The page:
The LED lamps on the chart seem to have a rather optimistic light output, based on over 100 lumens per watt. The new surface-mounted-diode corn lamps can achieve this but have had little penetration on the domestic market so far. As usual, the domestic market lags the commercial by several years.

Charts like this are helpful as a starting point to find a suitable lamp, but product information needs to be more accurate, to confirm a choice.

 
Denis McMahon, BSc, MIET, MBCS, PGCE

Re: MR16 LED - Halogen equivalence puzzle

Posted by Alasdair Anderson on Aug 15, 2019 2:28 pm

Denis,
Absolutely agree that the claim for the LED lamp is optimistic. It made me think they had used a similar chart and thought "we are at the high end of the range so probably more than 40W but not enough to claim 60W - let's call it 50W". I agree with you that a chart in the shop with all lamps marked with output in lumens would be a much more useful starting point. I actually found that chart after reading your post - a lucky search on Google - and I thought it too good not to share as like you I have battled for years trying to work out what lamps to buy. While I have only bought one lamp as a direct replacement I have bought quite a few for replacement fittings for a new house (at least new to us) and going from a single pendant bulb to a three lamp or five lamp fitting does not give a good comparison.
 

Re: MR16 LED - Halogen equivalence puzzle

Posted by M. Joshi on Aug 16, 2019 6:40 pm

One set of lamps is GU10 (230V) and the other set is MR16 (12V).  Typically when compared to a halogen equivalent, the MR16 are usually brighter.  This webpage may help to explain:

https://www.lyco.co.uk/advice/led-gu10-mr16-good-for-what/

Re: MR16 LED - Halogen equivalence puzzle

Posted by Alasdair Anderson on Aug 19, 2019 9:41 am

Interesting web-page, but it just adds to the debate :  The Sylvania is rated at 350 lumens, equivalent to a 50W GU10 halogen bulb, but consumes just 5.5W of power
This is the the same lumen output and wattage equivalence to the GU10 lamp in the picture, but more than 20% greater power consumption.
Alasdair

Re: MR16 LED - Halogen equivalence puzzle

Posted by Denis McMahon on Aug 21, 2019 2:54 pm

M. Joshi:
One set of lamps is GU10 (230V) and the other set is MR16 (12V).  Typically when compared to a halogen equivalent, the MR16 are usually brighter.  This webpage may help to explain:

https://www.lyco.co.uk/advice/led-gu10-mr16-good-for-what/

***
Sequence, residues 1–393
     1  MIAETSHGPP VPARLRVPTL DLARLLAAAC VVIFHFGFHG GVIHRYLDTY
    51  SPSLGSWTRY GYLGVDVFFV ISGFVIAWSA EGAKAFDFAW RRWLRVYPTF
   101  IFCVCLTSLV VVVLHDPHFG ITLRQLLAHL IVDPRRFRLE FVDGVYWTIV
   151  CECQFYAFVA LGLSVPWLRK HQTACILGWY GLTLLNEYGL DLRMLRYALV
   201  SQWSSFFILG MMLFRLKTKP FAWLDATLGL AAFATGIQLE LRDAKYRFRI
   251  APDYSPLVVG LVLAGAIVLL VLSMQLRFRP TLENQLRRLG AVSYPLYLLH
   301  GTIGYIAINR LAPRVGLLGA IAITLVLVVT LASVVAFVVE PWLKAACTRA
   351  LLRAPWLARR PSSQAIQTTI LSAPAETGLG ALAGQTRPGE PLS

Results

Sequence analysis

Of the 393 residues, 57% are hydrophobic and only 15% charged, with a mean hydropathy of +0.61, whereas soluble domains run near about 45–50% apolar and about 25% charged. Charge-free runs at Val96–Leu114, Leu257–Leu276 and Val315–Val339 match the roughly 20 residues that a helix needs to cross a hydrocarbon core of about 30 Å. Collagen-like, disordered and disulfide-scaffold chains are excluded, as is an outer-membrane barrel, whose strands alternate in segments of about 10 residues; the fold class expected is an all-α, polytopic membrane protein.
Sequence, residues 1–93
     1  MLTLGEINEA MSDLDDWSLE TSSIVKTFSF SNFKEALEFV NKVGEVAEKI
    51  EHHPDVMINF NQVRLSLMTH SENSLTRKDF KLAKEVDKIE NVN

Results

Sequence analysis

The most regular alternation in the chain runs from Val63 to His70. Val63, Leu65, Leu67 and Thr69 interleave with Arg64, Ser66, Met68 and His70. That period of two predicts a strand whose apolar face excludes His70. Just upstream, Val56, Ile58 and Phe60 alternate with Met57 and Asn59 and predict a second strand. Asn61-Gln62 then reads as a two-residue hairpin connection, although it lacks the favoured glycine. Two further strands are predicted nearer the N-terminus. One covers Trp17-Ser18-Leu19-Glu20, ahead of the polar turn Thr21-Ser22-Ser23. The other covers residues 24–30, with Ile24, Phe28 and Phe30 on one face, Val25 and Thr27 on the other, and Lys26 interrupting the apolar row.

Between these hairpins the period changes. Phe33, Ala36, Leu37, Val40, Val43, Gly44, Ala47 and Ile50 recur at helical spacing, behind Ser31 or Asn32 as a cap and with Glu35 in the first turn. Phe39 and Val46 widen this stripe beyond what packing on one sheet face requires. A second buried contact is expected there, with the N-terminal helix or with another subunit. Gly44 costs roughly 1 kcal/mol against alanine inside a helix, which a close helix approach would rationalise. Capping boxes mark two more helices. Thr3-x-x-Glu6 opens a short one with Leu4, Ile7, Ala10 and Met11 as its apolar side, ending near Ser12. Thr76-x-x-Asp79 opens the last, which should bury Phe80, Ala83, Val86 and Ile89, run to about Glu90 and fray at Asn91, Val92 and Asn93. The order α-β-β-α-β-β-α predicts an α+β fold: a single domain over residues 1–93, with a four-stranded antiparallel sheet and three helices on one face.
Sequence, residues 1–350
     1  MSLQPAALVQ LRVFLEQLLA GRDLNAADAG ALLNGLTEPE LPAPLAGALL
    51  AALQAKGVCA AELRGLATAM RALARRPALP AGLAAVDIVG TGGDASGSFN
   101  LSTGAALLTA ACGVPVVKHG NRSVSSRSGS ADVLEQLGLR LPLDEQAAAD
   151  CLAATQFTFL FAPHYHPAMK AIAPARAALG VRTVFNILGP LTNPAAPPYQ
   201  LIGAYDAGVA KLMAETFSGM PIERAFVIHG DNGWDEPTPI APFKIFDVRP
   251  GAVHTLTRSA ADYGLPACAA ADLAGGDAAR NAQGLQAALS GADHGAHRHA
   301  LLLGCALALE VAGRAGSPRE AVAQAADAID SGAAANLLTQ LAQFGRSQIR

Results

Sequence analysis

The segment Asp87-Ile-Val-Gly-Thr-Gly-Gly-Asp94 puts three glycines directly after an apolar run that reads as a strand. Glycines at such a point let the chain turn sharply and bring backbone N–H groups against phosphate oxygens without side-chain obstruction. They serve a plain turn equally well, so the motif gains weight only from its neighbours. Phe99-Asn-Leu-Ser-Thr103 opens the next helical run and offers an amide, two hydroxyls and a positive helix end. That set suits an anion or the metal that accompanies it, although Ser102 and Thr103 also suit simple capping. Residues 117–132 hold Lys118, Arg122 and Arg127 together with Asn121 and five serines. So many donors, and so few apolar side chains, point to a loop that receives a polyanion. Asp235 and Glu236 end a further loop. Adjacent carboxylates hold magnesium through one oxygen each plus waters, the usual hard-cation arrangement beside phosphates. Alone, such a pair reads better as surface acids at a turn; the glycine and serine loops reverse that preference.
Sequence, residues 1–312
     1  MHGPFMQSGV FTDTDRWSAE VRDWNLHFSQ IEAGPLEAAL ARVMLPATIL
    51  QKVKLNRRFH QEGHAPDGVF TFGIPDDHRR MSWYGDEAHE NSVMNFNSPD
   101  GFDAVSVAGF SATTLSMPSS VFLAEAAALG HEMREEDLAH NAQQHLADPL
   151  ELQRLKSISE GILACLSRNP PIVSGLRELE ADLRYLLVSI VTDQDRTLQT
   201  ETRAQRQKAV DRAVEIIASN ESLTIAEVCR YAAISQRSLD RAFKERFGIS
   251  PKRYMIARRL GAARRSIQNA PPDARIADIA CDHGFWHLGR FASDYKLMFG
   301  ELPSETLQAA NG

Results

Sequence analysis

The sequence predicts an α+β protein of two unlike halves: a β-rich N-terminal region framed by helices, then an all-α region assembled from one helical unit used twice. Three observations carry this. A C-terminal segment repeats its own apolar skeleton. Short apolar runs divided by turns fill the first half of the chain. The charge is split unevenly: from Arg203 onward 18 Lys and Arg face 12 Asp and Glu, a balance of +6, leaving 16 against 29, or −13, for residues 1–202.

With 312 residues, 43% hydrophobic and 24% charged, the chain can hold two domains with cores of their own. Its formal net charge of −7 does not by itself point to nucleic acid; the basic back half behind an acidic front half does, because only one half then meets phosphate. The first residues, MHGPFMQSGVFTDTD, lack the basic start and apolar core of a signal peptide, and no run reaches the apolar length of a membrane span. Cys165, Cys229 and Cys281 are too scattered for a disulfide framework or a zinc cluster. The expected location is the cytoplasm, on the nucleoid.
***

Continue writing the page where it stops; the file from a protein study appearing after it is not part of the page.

Thank you, M Joshi, for your interest in my thread. I would reply as follows.

The author of this feature of this dealership seems at first to have the terminology slightly confused. He is comparing GU10 with MR16 - a comparison which I do not think is valid.

MR stands for multi-faceted reflector, and the number following relates to  the size. I believe that these were originally rated at 12 V, but mains voltage versions subsequently appeared. These are still multi-faceted reflector. They have different caps, to prevent insertion into the wrong supply. The mains version uses the GU10 cap, push and twist to lock, while the 12 V version uses a bi-pin cap described as GU5·3. So GU10 and GU5·3 can be compared side-by-side, referring to caps or volts rating.

Let us now compare halogen with LED. The construction of the LED versions are not strictly multi-faceted reflector, but the description MR tends to stick because they are plug-in replacements.

The statement that the lower voltage yields greater efficiency is quite correct. Efficiency is a function of operating current. You can see this effect on the BS161 list; as wattage increases, so does lumens per watt. However the difference in efficiency is marginal. I do not believe that a 230 V 50 W halogen GU10 gives only half the light of a 12 V 50 V halogen GU5·3. Again compare BS 161; 240 V 60 W GLS gives 665 lumens. Even 240 V 40 W GLS beats the LED at 390 lumens.

Later the author states: "A bulb like the Sylvania LED GU10 is incredibly versatile and will fit into the same fixtures as a traditional Halogen MR16 model, using the GU10 base and being of a similar size." So this is clears up the original misconception; GU10 represents the "base" or cap (the bit that plugs in) for mains voltage. Other pages on this web site list an impressive range of lamps, many claiming to be equivalent to 50 W halogen. But this claim is not backed up by reference to any standards or other official sources of reference. The dealership is merely passing on the misinformation provided by manufactures.  

I feel I should like to refer this matter to the Advertising Standards Authority for clarification. However I am unable to give pukka sources of reference. An obsolete standard, over 60 years old, is not likely to impress; neither is my memory of former situations or my perception of how things are now. Hence these exaggerated claims continue. I suppose that, given that LED is a developing technology, and sales departments - essential as they are to all firms - come from a different planet than engineers, this is to be expected.
 
 
Denis McMahon, BSc, MIET, MBCS, PGCE

Re: MR16 LED - Halogen equivalence puzzle

Posted by Dbat on Sep 10, 2019 11:03 am

Looks like the LED replacement actually exceeds a 230v GU10. Like-for-like this is the LED replacements true equivalent, not the 12v one you compared it to originally